One Last Writing On Cancer, And I'm Done For A While

(NOTE: Based on time elapsed since the posting of this entry, the BS-o-meter calculates this is 13.266% likely to be something that Ferrett now regrets.)

WARNING: Complicated feels ahead.  Step carefully. I tried to.
I have two daughters.  My elder daughter, Erin, lives nearby.  And she comes over some nights, and watches bad television with us (I don’t know how many wedding reality TV shows we’ve collectively watched), and we have drinks and discuss the world and it is glorious.  And I don’t discuss that joy with you folks because a) it’s not at all unusual, b) Erin has not asked to clamber upon the stage of my little blog-world here, and c) she is the star of my world, not yours.
Erin makes me proud every time I see her.  She is growing.  She is beautiful.  She is emerging from the confusion that everyone seems to stumble through in their mid-twenties to achieve some form of stability, and hearing about her triumphs and setbacks is one of the highlights of my life.
And I get far more happiness in one unblogged discussion with her than I do in tearfully chronicling Rebecca.
I do write about Rebecca, because her time on Earth here is short and her troubles great.  But there’s also Rebecca’s sister and her brother, both of whom are equally beautiful and beloved to me, neither of whom I have to write about because (as far as I know) they will be around to chronicle themselves.   It’s an honor to share Rebecca with you, but in a better world Rebecca would be the source of a few silly Tweets, maybe an anecdote blogged without her name to protect the privacy of a child, and I would have the privilege of racing around with this crazy kid and not sitting down at a keyboard sniffling back snot.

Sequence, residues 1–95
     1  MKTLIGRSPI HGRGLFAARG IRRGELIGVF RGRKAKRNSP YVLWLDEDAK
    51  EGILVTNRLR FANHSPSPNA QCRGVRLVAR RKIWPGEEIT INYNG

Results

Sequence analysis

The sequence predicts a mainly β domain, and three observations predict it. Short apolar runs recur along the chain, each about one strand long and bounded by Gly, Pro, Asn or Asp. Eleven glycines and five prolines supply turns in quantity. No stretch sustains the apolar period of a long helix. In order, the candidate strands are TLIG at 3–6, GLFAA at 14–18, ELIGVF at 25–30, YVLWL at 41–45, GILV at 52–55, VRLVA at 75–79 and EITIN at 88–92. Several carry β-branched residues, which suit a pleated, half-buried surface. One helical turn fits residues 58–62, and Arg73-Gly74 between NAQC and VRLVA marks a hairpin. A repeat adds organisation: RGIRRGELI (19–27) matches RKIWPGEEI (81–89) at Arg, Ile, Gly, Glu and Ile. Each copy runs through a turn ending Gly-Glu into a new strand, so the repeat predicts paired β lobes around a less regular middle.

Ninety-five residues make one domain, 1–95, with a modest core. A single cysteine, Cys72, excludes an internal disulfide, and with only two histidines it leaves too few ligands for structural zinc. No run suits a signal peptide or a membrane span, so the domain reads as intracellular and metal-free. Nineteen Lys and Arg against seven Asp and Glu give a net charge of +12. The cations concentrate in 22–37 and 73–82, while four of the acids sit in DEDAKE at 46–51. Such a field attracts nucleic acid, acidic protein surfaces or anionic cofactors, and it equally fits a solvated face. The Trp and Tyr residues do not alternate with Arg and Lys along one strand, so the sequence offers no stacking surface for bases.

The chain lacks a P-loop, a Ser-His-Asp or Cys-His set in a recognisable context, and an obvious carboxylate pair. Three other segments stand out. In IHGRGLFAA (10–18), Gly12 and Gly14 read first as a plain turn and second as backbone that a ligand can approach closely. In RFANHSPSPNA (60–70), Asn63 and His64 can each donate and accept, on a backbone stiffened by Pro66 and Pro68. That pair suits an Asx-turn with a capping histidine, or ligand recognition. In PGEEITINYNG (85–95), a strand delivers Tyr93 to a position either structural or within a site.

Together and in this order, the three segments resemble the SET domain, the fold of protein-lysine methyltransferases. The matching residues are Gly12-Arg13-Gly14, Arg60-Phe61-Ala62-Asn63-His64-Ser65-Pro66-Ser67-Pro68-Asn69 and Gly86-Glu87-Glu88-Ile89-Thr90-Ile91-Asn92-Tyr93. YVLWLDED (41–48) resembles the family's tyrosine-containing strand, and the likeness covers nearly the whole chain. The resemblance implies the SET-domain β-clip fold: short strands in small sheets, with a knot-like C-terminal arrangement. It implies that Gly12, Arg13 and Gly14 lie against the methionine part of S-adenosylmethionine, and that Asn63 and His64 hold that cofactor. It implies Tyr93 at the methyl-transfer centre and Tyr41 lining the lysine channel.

Maybe I’m sharing some of her magic with you.  That’s a consolation.  But it’s a very small one, as I would by far rather be greedy and keep all the Rebecca to myself.
Plus, if we’re listing the people who have done their best to capture the essence of Rebecca in words, I’m not even the best writer.  That honor would go, as it should, to her father Eric, who has written a beautiful fucking essay on what the cancer has done to her, called “The Thief Of Light.”  If you want to know what Rebecca is, then go and read it, because he sums her up far better than I could.
(And my wife wrote a very brilliant essay herself on fighting cancer, which summarizes my surprising reaction.)
I’m glad you’re responding to Rebecca.  I really am.  But there is a bittersweetness of that that sticks in the throat for me, because Rebecca is well-known in certain parts of the Internet now, and some will be heartbroken when she passes.  Which is much better than anonymity, I suppose, more than most terminally ill kids get, but it’s not as much as a Rebecca.
So what I’d far rather hear than “You immortalized her” (which I didn’t, and never wanted to) was, “I was so moved that I donated my time and/or money to try to stop this horrible disease.”  And I know not everyone can; you’re all busy, and have your own causes, and bills to pay.  But what would make me feel best about Rebecca would be to know that we found a reliable cure for, at least, this type of brain tumor, and that nobody will ever again go through what we had to go through.
Our pain is public.  And as Spider Robinson once wisely said, “Shared pain is lessened; shared joy, increased — thus do we refute entropy.”  And so I thank you for listening.
But once experienced, pain is always shared.  There’s a part of me that can never sleep, knowing that someone else is enduring this.  And I’ll do what I can to end that for them, and for Rebecca.  Because every child is special to those who love them.
Actually?  Every person is.

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